How To Install Glueless Laminate Flooring
The Look of Wood Without the Price
Many people desire glorious wood floors throughout their homes. Wood flooring has a warm and classy look, and has many benefits that carpet doesn't provide. But real hardwood flooring is very expensive, and out of some people's price ranges. With modern technology manufacturers have come out with glueless laminate flooring. This flooring looks like wood, but is actually a photograph of wood sandwiched between layers of laminate. The glueless type is particularly easy for homeowners to install. Laminate flooring looks like wood and has many of the same benefits. Spills are easily wiped up, there are no stains involved like carpet. Also, many people suffering from allergies will notice a big improvement when carpets are removed.
So now that you know you have an affordable option to achieve the wood flooring look, let's look at how to install glueless laminate flooring.
Measure Your Space
The first thing you have to do is measure your space. Measure length by width and multiply, this will give you your total square footage.
For example: 20ft x 15ft= 300 square feet.
This is how much flooring (and sub-flooring) you will have to buy.
Remove Flooring and Trim
Now it's time to rip it, rip it good! If you have carpet, cut at the corners and watch out for tack strips. You may have to pull out staples from the subfloor if this is the case. If you discover you have wood floors underneath you may to to decide whether to recover them or to have them refinished, which can be spendy. If your have good wood floors to begin with...I'm questioning your sanity.
Also remove any trim in the room. Do so gently and carefully, you may be able to reuse it.
Purchase the Goods
Now that you know how many square feet you need, head to the hardware store of your choice. Check and compare prices and warranties, some flooring will be under warranty for 5 years, others for 15. Once you have chosen your flooring, grab as much as you need. Usually they flooring comes in boxes of about 25 square feet.
You will also need a plastic underlayment for the flooring. This acts as a cushion for the flooring as well as an insulator. Rolls of the product usually come in about 100 square foot quantities, so if you have to buy more than you need it's wise to err on the side of caution. You can always return it.
You will need several tools to complete the installation as well. Make sure to get an angled tapper to tap your boards securely into place. It looks kind of like a "z" , you hook one end onto the board and use a hammer on the other end to secure the board. You should also get spacers, which a plastic bits in certain measurements, which will help you space your boards away from the wall. A chisel may also be helpful. I found all of these things together at Lowe's in an installation pack for $15.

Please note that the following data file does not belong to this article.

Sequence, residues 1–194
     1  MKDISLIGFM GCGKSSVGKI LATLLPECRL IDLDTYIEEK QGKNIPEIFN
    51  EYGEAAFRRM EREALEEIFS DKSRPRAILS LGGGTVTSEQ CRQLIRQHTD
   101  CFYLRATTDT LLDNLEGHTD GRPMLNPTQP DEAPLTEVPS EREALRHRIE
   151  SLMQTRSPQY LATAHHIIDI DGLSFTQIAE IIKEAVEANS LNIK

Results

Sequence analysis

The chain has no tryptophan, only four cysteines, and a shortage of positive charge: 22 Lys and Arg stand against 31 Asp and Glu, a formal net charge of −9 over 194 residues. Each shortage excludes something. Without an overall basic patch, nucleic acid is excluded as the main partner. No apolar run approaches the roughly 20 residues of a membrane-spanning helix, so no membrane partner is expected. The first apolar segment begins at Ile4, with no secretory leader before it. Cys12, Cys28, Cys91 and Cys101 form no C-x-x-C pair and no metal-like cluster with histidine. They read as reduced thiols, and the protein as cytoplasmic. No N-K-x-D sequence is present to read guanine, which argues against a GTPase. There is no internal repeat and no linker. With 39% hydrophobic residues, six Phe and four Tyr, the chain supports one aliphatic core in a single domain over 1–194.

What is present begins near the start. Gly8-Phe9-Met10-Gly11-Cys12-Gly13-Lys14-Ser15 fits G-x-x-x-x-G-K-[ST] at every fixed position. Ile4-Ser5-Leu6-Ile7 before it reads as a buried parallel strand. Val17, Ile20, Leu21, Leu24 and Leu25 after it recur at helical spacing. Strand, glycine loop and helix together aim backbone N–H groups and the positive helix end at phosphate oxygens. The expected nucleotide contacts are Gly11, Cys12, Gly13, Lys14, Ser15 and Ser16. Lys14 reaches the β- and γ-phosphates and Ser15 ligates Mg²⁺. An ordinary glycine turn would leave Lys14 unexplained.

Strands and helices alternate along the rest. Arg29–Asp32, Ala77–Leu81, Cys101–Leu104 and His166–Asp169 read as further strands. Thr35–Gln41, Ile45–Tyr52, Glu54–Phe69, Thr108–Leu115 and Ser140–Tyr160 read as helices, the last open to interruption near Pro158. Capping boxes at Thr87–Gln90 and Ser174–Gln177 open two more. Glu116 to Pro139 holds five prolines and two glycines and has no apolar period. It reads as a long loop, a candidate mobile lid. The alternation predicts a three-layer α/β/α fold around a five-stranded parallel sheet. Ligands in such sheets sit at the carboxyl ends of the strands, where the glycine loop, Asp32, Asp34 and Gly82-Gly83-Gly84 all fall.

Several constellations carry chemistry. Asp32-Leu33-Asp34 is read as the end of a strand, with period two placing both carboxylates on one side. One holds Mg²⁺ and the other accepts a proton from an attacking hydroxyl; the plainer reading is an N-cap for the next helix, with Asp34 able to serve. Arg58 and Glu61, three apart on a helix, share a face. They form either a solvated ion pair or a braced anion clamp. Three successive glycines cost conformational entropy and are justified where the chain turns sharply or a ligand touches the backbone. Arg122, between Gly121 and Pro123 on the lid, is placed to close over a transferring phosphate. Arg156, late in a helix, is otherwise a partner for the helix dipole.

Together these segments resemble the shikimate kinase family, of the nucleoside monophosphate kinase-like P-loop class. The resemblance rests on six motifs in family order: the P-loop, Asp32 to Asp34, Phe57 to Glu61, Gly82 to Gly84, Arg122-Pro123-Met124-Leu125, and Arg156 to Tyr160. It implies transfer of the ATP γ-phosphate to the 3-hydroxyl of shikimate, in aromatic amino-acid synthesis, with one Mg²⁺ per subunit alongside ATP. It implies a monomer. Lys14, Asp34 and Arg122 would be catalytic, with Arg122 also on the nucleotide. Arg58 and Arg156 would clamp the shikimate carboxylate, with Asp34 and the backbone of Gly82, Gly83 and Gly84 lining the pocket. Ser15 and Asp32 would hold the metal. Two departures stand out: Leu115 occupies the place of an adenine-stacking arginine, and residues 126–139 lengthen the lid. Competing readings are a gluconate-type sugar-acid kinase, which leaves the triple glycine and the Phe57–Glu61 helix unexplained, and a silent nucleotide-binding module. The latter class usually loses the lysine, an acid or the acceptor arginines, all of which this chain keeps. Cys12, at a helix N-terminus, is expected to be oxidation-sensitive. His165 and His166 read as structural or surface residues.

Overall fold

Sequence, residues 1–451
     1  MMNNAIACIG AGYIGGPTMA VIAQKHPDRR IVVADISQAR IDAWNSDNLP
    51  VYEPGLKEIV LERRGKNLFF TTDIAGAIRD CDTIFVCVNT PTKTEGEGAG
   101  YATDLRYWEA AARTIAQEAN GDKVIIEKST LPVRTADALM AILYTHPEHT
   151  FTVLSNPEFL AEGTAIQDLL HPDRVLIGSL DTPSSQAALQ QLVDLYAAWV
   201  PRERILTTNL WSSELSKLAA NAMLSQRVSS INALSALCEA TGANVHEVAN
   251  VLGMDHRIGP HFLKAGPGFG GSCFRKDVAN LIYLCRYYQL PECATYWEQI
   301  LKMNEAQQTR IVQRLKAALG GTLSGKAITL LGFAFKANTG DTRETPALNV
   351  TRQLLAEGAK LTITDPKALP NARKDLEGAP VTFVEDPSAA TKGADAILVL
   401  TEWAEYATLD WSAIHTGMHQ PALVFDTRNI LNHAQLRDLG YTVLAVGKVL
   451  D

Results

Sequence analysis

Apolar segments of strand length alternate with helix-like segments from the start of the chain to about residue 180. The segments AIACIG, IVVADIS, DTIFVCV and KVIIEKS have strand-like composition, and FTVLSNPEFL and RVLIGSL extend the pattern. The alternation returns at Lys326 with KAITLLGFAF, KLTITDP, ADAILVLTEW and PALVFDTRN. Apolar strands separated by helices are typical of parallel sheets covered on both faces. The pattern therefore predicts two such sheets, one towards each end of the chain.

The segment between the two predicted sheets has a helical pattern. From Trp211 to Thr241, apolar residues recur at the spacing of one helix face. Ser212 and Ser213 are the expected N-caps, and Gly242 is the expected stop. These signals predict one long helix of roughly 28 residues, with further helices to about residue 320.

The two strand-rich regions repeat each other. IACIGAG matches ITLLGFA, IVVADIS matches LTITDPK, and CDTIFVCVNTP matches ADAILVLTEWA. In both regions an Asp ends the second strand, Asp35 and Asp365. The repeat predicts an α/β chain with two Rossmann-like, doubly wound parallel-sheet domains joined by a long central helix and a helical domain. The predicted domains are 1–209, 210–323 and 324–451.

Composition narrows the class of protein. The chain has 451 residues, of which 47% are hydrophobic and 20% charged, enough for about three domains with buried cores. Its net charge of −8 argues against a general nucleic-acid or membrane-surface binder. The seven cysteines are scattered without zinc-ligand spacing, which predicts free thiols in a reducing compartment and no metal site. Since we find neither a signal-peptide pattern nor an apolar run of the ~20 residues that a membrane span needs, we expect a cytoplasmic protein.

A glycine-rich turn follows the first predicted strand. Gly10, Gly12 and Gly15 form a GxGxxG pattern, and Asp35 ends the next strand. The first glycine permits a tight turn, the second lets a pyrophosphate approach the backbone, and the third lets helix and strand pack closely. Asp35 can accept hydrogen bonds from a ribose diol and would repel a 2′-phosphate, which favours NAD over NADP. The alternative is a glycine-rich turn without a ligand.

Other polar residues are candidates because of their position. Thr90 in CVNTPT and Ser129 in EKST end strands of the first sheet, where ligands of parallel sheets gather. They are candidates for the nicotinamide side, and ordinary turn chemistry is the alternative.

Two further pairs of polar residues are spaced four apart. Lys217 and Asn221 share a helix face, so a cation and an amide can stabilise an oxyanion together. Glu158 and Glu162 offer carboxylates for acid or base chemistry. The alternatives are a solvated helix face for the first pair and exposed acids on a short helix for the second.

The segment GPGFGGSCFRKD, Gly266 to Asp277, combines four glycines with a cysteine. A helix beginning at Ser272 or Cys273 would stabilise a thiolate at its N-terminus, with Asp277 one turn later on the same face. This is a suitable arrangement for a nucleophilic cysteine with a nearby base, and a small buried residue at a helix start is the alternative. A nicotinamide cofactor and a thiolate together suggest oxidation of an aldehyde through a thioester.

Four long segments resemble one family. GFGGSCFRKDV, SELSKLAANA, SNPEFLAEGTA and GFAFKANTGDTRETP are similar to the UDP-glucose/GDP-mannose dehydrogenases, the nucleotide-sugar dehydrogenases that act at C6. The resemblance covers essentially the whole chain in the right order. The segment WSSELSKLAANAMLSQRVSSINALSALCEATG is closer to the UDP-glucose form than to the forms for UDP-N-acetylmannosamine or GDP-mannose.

Underlayment and Laminate Installation
Before you do anything else bring your laminate flooring indoors and give it at least 24 hours to acclimate to your home. Laminate flooring will expand or contract with heat, and you want it at room temperature before you install it.
Once your sub-floor is level and prepped you can lay the plastic underlayment. This is very simple, all you have to do it cut the length you need, and attach it to the next sheet. Most underlayment has a stick strip where you can attach the next strip. Just make sure the underlayment is smooth and doesn't have any wrinkles, which can hinder the installation of the glueless laminate flooring.
Once you get the underlayment down the fun stuff really starts. You will need at least a table saw to get this done, but I really like a radial arm saw as well. Lay the first piece next to the wall, and place spacers between the board and the wall. This space is there to account for the expansion and contraction of the flooring. Lay the next piece at the top (not on the side) of the first piece and gently push together. Do so until you get to the point where you'll put in the last piece. Hook the "z" tapper onto the end, facing toward to laid row. Gently tap the other end with the hammer and any gaps will magically disappear and the boards lock together.
For the next row you'll be hooking the boards together on the long side. You have to hool these together with a kind of locking motion, like shutting a door. This will usually create a seamless join, but if it doesn't use the tapper again. Lay the boards in a staggered patterned in the same way you did the last row. Cut the last board to size and continue.
This is the basic gist of what it takes to do the main installation of the laminate. With 3 people we got my 500 sqaure foot space done in a day, and went out to dinner afterwards. It's honestly a project that even a relatively green do-it-yourselfer can do easily. Just practice common sense safety with the saw!
I'm honestly not the one to tell you how to do trim, because I suck at it (cry). But you can find out more at: http://www.wikihow.com/Install-Baseboard-Trim. One thing I can tell you is the cut the inside edge the length of the wall (for corners). Your angled outer edge will stick out farther, like it's supposed to. Trust me, I learned this lesson painfully.
Installing your own glueless laminate flooring will save you a lot of money. In addition you'll get a really wonderful feeling of satisfaction when you look at the beauty of what you have just accomplished. Good luck, I know you'll love your new floors!